This isn’t what you were expecting. I don’t know what you were expecting,Guest Posting but it certainly wasn’t this. Spore, Will Wright’s true follow-up to The Sims, is a singularly strange game. It’s slick and messy by turns, as ambitious as it is compromised, as hardcore as it is casual. It’s both a tribute to gaming and the future of gaming. Most of all, it’s really bloody weird.
Yes, its essential promise is met: you evolve a creature from cell stage to sentience, to civilization and finally space-faring. Along the way, you’re designing and redesigning the beast, its world and eventually its universe. As expected, much of this takes the form of mini-games. Those two factors – the customization and the mini-games – are going to fix a certain image of Spore in people’s minds, and to some extent already have. It’s one of a game aimed at a casual audience, but blessed with perhaps the most powerful content-creation tool of all time. What that doesn’t encompass is how massive and complicated it eventually comes.
The mini-games aren’t initially convincing and two of the four are possibly outright failures, but once you hit the space stage, everything changes. It becomes a complete game, an enormous, elaborate epic of exploration and creation that encompasses and justifies elements of the prior, more finite stages whilst advancing you to an incredible new level of godhood, and creating a vast open universe you could potentially play in forever. It becomes Elite by way of The Sims, Carry’s Mod by way of Galactic Civilizations, an RPG, an RTS, a shmup, a management game, an offline MMO, a toy, a tool. It’s a masterpiece, but it’s also quite a mess.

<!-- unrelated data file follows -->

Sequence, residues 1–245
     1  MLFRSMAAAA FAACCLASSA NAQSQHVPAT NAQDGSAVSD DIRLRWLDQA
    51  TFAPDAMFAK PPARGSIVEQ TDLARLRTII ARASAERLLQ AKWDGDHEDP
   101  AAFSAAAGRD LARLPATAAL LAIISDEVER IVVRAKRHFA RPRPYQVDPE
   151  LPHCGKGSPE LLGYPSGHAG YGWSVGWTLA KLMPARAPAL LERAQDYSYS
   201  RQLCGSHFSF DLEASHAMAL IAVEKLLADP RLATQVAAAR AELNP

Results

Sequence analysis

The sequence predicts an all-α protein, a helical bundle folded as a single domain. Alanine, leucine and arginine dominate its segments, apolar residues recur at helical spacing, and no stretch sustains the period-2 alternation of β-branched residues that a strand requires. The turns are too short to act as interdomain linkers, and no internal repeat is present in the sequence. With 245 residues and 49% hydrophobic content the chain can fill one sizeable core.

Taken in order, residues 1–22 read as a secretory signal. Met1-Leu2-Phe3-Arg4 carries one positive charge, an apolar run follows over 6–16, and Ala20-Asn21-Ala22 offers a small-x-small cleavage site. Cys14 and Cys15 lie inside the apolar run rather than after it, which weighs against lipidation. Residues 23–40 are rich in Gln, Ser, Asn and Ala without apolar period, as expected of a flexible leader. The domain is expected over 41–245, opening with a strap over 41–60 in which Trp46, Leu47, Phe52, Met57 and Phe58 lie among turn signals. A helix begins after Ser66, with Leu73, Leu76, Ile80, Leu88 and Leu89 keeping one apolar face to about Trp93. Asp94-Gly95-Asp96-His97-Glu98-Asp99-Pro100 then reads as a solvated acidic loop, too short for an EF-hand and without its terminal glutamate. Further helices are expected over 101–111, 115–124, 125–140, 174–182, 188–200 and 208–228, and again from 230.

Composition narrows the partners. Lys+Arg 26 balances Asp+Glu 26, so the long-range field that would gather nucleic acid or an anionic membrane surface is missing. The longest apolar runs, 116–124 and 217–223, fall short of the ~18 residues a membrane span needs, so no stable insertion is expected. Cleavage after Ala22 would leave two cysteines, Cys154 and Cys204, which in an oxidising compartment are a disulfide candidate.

It’s hard to fight off negativity during your initial hours with it. While each section is engaging, and each offers additional ways to customize your creatures – their nature as well as their appearance – the sense of disassociation is strong. Those first four stages are too self-contained, too separate from those that follow, and it starts to feel like it’s a notepad full of jotted-down short-story ideas rather than the hoped-for novel.
Spore falls down the most during its Tribal and Civilization stages, where you’ve already made your creatures but now you’re establishing their behavior and decor. Both are RTS variants, and both are a little tokenistiq; a matter of turning every rival tribe/civ on the map to your side via might or diplomacy. How you get there is fairly binary, and after the first time it’s a repetitious grind of resource-gathering and gradual expansion. Fortunately, you can start a new creature at any stage you so desire, so this stuff can be skipped.